This week, environment ministers from 30 countries, including China, India and UK, made similar calls to put the climate at the heart of bailouts during the global Petersberg Climate Dialogue. But these won’t be the ministers taking final calls on Covid-19 bailouts. That's why we should worry.

Why this matters

For the most part, those in business let politicians get on with the politics.

Covid-19 hasn’t hit renewables as hard in the short-term as other sectors. It wouldn't be hard to find an airline exec who’d happily trade places! And yes, deals are being done. We’ve seen some big ones so far this week (see news). These can project an image that wind is continuing as normal.

In many ways it is. Turbines keep turning. People need power. It’s tempting for businesses to turn inwards during a crisis and focus on their core activities.

But that would be a mistake.

The wind sector has spent a decade distancing itself from direct government financial support. But investors in the wind industry still need a supportive framework, from capacity auctions to revenue stabilisation mechanisms and planning rules. The decisions made now could be crucial to their growth.

If the bailouts for non-renewable sectors impose tough green rules on their recipients then it could really help wind. More pressure to hit net zero carbon emissions means more pressure to buy electricity from wind farms. Indeed, the EU is looking at what green mechanisms it can add in any support to aviation companies. But we can't take that progress for granted.

That's why wind companies must keep on the front foot in three ways.

The first is simple. Keep communicating. Keep getting the message out about the importance and resilience of wind. The performance of the companies in this sector since the pandemic hit shows there are reasons to be confident.

The second is to be clear on what’s at stake. It’s easy to be overwhelmed by life in lockdown, but the bailouts now will shape the next business cycle. We must fight back against those who want to erode hard-won renewable support.

And the third is to look for the opportunities in these dark days.

For example, energy storage has been a bright spot of recent upheaval, with some projects seeing profits up 20%. This is an example of how they could help both the grid and your own portfolios.

There may not be much each of us can individually do to shape these bailouts. But if we talk with a united voice, we can do more than we think.

NEWS IN BRIEF

MASDAR CONCLUDES £466M REFINANCING

Masdar has closed the £466m debt refinancing of its 20% stake in the 630MW London Array offshore wind farm in UK waters. The debt was set to mature for the project in December 2032. Read more

NORDEX REFINANCES €1.21BN CREDIT FACILITY

German manufacturer Nordex has refinanced a €1.21bn guarantee credit facility until April 2023 with an international banking syndicate. The syndicate is made up of 21 banks led by Banca IMI, BNP Paribas, Commerzbank, HSBC and UniCredit. Read more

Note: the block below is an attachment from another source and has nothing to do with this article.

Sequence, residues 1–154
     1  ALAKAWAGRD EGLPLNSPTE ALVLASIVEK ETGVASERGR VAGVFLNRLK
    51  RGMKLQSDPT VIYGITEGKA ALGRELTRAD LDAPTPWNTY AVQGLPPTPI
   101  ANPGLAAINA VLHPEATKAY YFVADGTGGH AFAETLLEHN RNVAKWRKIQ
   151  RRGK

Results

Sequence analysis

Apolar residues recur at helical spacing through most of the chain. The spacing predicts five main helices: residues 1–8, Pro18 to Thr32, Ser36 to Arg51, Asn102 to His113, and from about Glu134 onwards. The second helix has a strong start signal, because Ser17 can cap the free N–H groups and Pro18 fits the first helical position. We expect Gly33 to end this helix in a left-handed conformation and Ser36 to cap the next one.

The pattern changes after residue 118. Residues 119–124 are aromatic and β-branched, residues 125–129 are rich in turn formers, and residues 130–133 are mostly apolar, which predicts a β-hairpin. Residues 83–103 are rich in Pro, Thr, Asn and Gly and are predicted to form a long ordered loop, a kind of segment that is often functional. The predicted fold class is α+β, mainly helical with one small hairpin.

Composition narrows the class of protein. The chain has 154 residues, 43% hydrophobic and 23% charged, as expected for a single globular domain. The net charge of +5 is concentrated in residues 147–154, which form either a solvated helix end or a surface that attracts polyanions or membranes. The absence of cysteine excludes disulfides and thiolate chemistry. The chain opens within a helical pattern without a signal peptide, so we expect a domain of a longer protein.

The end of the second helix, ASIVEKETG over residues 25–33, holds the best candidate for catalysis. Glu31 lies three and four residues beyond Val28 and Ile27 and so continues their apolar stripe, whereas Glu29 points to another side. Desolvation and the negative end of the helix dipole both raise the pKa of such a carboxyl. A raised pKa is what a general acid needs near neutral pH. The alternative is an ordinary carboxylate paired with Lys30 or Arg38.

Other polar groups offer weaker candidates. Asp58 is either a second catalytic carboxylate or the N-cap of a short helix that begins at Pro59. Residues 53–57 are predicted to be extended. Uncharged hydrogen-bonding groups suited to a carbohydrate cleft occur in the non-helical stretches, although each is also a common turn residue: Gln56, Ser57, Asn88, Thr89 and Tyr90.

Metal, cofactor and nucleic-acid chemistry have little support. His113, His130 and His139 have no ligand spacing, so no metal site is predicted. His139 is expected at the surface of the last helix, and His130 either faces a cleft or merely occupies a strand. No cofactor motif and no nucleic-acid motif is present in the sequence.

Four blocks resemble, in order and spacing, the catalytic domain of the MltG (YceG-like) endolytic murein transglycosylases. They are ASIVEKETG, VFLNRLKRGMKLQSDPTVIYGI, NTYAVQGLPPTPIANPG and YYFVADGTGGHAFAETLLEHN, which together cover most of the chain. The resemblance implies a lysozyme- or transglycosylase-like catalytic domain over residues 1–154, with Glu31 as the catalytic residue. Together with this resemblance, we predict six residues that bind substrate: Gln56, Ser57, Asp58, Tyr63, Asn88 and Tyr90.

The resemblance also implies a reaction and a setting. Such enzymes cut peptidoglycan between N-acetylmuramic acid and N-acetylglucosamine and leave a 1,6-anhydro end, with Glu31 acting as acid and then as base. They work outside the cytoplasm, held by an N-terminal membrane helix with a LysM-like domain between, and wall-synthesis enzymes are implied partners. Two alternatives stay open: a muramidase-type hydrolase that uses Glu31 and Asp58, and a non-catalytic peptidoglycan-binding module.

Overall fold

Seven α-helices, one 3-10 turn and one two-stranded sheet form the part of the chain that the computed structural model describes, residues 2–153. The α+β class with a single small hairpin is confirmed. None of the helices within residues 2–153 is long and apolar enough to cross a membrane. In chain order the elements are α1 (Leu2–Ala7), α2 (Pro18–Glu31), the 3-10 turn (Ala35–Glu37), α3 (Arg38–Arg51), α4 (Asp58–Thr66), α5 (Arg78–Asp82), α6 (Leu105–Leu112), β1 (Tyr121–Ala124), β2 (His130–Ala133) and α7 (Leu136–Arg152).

DUKE ENERGY TARGETS 16GW BY 2025

US utility Duke Energy has committed to double the amount of wind, solar and biomass in its portfolio to 16GW by the end of 2025. Its current 8.1GW renewables portfolio includes 2.5GW of Duke-owned wind farms. Read more

WPD TEAMS UP ON 600MW IN TAIWAN

Wpd has teamed up with a subsidiary of Taiwanese LeaLeaGroup to develop a 600MW wind farm off the coast of Changhua. The pair are set to submit the project to bid in Taiwan's upcoming offshore wind tender round. Read more

ENERCON COMPLETES 564MW TURKEY DUO

Enercon has completed turbine installations at the 312MW Soma wind farm in Turkey for Polat Enerji, which is due to be commissioned next month; and the 252MW Karaburun wind farm in Turkey for an unnamed client. Read more

GLENNMONT SELLS FINNISH STAKE TO KANSAI

Glennmont Partners has agreed to sell a 15% stake in the 211MW Piiparinmäki wind project in Finland to Japan's Kansai Electric Power Company. The project is due to be commissioned in late 2021. Read more

GIG HITS FINANCIAL CLOSE ON 47MW TYSVAER

Macquarie's Green Investment Group has reached financial close on its 47MW Tysvaer project in Norway, which is set to be made up of 11 Siemens Gamesa turbines. Read more

KIT KAT MAKER SIGNS RACE BANK PPA

Ørsted has agreed a 15-year power purchase agreement with Nestlé, which is set to buy the output from 31MW of the 573MW Race Bank offshore wind farm in UK waters. The deal is due to start on 1st May. Read more

VOLTALIA PICKS NORDEX IN BRAZIL

Voltalia has picked Nordex to supply 17 turbines for its 59MW Ventos Serra do Mel 4 project in Brazil, which is due to complete in spring 2021. Read more

ENECO TEAMS UP ON POSHYDON PILOT

Eneco has teamed up with Neptune Energy to supply energy from its 129MW Luchterduinen wind farm to the Poshydon green hydrogen project. Read more